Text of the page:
“ Many thousand pipes of spoiled cider are annually brought hither from the country, for the purpose of being converted into factitious Port wine.”

The following is a chemical analysis of some of the stuff, which is sold for the juice of the grape :Spirits of wine, or alcohol ... 3 oz.

.... 14 , Sugar........................

1}, Allum ....................... 2 scru. Tartaric acid........

Strong decoction of logwood .......... 4 oz. Orfila, in his work on Poisons, testifies, that “ sugar of lead, cerusse, and still more frequently, litharge, are mixed

Cider....

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with acids, or sharp tasted wines, in order to render them less s0;" and he describes the effects of such adulterations to be foetid eructations, hiccup, difficulty in respiration, thirst, cramp, coldness of limbs, convulsions, change of features, delirium.

Dr. J. Stevenson, in his work on “Alimentary Drinks," declares that “ Brazil wood, and the husks of elderberries, and bilberries, are employed to impart a rich purple ; but to red port of a pale faint colour that gypsum is used, to render it transparent—that astringency is imparted by means of oakwood, sawdust, and the husks of filberts ; and that the banquet of high-flavoured wines is produced by sweet-briars, orris-root, daisy, cherry laurel water, (rankest poison, and deleterious, in its smallest proportions) and elder flowers."

Such are some of the delicious articles palmed upon English wine-drinkers for the pure juice of the grape. Who would not be a Total Abstainer, from all that goes by the name of wine, rather than spend money in the purchase of such trash, and, at the same time, run the risk of being poisoned.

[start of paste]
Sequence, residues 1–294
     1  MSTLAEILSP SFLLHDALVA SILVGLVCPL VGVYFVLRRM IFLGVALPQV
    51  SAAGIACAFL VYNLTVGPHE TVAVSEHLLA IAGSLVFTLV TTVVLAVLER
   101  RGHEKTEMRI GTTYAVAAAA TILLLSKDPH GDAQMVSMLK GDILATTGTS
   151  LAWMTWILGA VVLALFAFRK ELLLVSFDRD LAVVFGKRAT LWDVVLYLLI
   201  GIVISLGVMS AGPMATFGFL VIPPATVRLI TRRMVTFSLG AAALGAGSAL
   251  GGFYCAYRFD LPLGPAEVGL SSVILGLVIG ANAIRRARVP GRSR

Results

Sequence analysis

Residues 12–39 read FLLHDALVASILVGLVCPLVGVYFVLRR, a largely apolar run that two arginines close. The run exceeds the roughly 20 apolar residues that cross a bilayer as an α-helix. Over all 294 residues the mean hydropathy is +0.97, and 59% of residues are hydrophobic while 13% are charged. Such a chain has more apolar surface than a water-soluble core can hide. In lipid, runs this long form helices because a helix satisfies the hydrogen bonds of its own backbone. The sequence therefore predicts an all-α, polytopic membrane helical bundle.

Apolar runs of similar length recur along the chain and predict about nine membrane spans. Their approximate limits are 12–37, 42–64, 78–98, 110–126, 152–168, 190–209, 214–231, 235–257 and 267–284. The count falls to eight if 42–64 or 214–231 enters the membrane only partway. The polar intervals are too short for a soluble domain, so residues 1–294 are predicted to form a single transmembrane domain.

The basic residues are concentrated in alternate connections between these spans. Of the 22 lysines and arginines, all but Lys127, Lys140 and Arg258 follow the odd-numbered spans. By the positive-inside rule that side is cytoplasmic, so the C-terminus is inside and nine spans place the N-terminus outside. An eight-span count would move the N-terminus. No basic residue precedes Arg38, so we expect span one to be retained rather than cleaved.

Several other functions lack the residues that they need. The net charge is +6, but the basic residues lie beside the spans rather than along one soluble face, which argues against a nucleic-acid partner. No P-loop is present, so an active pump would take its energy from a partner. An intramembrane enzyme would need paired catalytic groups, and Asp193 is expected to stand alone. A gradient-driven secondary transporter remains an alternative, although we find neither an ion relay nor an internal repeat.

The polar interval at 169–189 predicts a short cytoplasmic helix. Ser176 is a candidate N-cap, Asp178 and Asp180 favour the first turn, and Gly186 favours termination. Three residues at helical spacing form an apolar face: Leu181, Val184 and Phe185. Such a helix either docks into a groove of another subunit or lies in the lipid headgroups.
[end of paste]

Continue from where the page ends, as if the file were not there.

The following amusing anecdote will somewhat relieve the dryness of the foregoing details, and still further illustrate the subject :

A Frenchman, making the tour of London, writes to his friends in Paris to the following effect, “ There is a liquor sold in this country, which they call wine (most of the inhabitants call it wind.) Of what ingredients it is composed I cannot tell; but you are not to conceive, as the word seems to import, that this is a translation of our word vin, a liquor made of the juice of the grape ; for I am well assured there is not a drop of any such juice in it. There

must be many ingredients in this liquor from the many different tastes ; some of which are sweet, others sour, and others bitter ; but though it appeared so nauseous to me and my friend, that we could not swallow it, the English relish it very well ; nay, they will often drink a gallon of it at a sitting ; sometimes, in their cups, for it intoxicates, they will wantonly give it the names of all our best wines." - Advice on Alim. Drinks, by J. Stevenson, M.D., 1830.

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THE PRINCIPLE WHICH INTOXICATES, IN ALL

FERMENTED AND DISTILLED LIQUORS-A POI

SON.

It has never been denied, that the intoxicating material, whether existing in beer, or brandy, is what chemists and medical men denominate Alcohol. It is the product, solely, of the fermentation of saccharine, or sugary substances ; and is found to exist when any such substances have passed into the state of vinous fermentation, which is the first stage towards putrefaction. In the next, or acetous stage, it becomes destroyed. Thus it exists in wine, but not in vinegar. Although its poisonous property had been demonstrated, by its destructive influence, on human health, for ages prior to the discovery of it, in the form of a spirit, by means of the art of distillation, it had never received a name, until that of Alcohol was given to it, by the Arabian chemists, about eight or nine hundred years ago. The Greeks, indeed, had the wisdom to perceive, that their fermented wines contained a poisonous property-hence, instead of saying, “the man is